Scary post headlines talk about extreme weather, droughts, fires, a lack of clean water, and an ever-tightening timeline to do something about it. A new Google Cloud survey by The Harris Poll found that the vast majority of executives see sustainability as a key goal for their business. It also found that most aren’t really measuring their progress over time.
That’s a problem because you can’t wish for sustainability. You need to take a course of action to achieve it internally and throughout your supply chain, and if you’re not measuring your progress (or lack thereof), it’s just a bunch of hot air.
Google Cloud surveyed 1,491 C-level executives or VPs in 16 countries to get a broad view of the sustainability issues facing businesses. The good news is that 80% of those surveyed believe their company is doing a good job around sustainability, which sounds great. But then they were asked how they were measuring their progress. That’s where the survey showed some of the most alarming responses.
“The research showed a worrying gap between how well companies think they are doing and how accurately they can measure it. Only 36% of respondents said their organizations have measurement tools in place to quantify their sustainability efforts, and only 17% use those measures to optimize for results,” Justin Keeble, CEO of Sustainability, wrote in a blog post. global sustainability of Google Cloud. post describing the results.
Executives who responded to the survey questions were surprisingly candid about the lack of measurement and what that means: 58% said there was “green hypocrisy” in their organizations, and roughly two-thirds questioned how committed their organizations really were to this kind of effort. There’s a term for this: “greenwashing,” where companies talk about sustainability but don’t follow suit.
Surprisingly, 4% of respondents reported that they have no sustainability efforts at their companies. That means 96% do, but that could be one of many options, like sustainable office policies, working with green suppliers, or running a recycling program.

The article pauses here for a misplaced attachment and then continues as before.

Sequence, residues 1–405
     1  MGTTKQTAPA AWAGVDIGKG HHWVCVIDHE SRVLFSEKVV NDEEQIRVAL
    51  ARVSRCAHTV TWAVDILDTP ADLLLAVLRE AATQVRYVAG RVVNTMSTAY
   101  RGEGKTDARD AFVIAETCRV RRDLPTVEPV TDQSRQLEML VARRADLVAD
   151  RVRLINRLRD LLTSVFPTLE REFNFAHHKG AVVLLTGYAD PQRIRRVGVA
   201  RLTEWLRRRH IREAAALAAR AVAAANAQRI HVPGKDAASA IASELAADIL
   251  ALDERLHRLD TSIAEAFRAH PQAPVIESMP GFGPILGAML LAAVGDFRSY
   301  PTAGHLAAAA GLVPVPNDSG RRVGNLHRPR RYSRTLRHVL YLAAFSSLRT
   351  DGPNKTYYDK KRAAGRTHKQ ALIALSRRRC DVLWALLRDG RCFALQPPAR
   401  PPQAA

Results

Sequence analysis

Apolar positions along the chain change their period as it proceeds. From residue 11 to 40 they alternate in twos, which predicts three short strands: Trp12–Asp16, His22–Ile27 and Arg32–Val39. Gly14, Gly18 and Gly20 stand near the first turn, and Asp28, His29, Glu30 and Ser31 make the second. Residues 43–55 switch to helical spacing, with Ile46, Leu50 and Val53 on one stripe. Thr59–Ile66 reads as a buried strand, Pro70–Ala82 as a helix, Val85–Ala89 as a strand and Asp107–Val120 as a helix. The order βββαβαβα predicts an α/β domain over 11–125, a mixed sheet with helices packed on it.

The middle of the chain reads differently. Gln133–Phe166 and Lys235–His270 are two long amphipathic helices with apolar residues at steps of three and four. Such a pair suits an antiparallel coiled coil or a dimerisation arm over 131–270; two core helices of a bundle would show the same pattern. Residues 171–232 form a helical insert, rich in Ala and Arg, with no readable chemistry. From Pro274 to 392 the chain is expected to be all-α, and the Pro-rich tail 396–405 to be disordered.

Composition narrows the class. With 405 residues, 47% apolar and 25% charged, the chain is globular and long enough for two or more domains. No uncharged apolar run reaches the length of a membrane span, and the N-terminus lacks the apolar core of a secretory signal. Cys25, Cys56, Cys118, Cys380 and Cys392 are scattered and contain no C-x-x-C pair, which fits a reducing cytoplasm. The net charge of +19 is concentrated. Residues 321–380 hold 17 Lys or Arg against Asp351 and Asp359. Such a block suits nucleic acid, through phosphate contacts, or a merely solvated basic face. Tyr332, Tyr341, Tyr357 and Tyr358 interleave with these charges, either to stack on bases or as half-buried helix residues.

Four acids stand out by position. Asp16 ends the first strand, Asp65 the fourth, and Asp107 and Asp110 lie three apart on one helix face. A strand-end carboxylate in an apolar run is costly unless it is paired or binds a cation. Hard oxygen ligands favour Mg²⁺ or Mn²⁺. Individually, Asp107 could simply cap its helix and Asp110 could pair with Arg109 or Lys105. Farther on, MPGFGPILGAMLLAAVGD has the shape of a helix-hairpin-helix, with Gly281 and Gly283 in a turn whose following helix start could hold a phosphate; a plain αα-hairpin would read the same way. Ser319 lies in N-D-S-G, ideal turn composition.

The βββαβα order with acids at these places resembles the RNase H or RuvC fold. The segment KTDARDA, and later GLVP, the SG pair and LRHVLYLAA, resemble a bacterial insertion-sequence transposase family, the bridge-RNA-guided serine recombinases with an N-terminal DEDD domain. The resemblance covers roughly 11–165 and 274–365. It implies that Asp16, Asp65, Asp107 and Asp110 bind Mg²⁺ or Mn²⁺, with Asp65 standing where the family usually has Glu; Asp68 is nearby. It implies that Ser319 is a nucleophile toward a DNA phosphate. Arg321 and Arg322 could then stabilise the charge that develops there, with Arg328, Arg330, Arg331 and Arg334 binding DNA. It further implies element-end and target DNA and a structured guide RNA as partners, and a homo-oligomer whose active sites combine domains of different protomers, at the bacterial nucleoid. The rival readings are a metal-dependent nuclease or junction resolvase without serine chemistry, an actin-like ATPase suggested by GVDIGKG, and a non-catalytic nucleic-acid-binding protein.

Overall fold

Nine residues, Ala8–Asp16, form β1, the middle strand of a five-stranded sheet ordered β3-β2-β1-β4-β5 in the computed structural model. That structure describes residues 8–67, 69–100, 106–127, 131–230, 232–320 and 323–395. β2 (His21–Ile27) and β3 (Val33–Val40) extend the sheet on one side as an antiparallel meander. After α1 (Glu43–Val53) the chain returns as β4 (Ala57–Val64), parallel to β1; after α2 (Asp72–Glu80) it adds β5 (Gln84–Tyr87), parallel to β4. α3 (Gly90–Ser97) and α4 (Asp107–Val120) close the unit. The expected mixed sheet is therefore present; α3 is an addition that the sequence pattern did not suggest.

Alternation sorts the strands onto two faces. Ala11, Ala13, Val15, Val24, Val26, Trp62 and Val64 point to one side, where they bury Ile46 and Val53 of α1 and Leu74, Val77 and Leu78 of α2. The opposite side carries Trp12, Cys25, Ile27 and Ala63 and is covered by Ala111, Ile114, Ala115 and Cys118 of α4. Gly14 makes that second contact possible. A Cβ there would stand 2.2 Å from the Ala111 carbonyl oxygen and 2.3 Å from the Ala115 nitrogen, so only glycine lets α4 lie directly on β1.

There is still reason for optimism, with respondents seeing sustainability and broad ESG (Environmental, Social and Governance) efforts as leading to better business outcomes, with 74% saying sustainability can drive substantial business transformation.
The question is how to bridge the gap between the desire (assuming it is genuine) and the measurement problem. Google sees it as a technological problem.
“Technological innovation is what top utility executives believe will affect the sustainable growth of their organization and the sustainability of the planet in general, with 91% of respondents agreeing that ‘technology makes it possible for our organization be more sustainable. the company wrote in the full report.
Unsurprisingly, the company is also announcing a carbon measurement tool called Carbon Footprint as a way for Google Cloud users to measure the progress of their sustainability efforts. Other companies like Salesforce also offer tools to measure sustainability progress; in this case, it is called Sustainability Cloud. It provides a way to manage the process of achieving a goal of net-zero energy use over time. It’s worth noting that Google has a partnership with Salesforce around this product.
Earlier this year, IBM bought Envizi, a tool for measuring environmental impact in the supply chain. Meanwhile, startups like ESGgo, Fresh, and Tanso are working to create ways to bring some measurement discipline to the problem.
While it’s all very well that respondents recognize the need for sustainability and see positive business results from sustainability efforts, how do you have a planet on which to continue to operate such a business? — it is imperative to follow the data to see how well those goals are being met.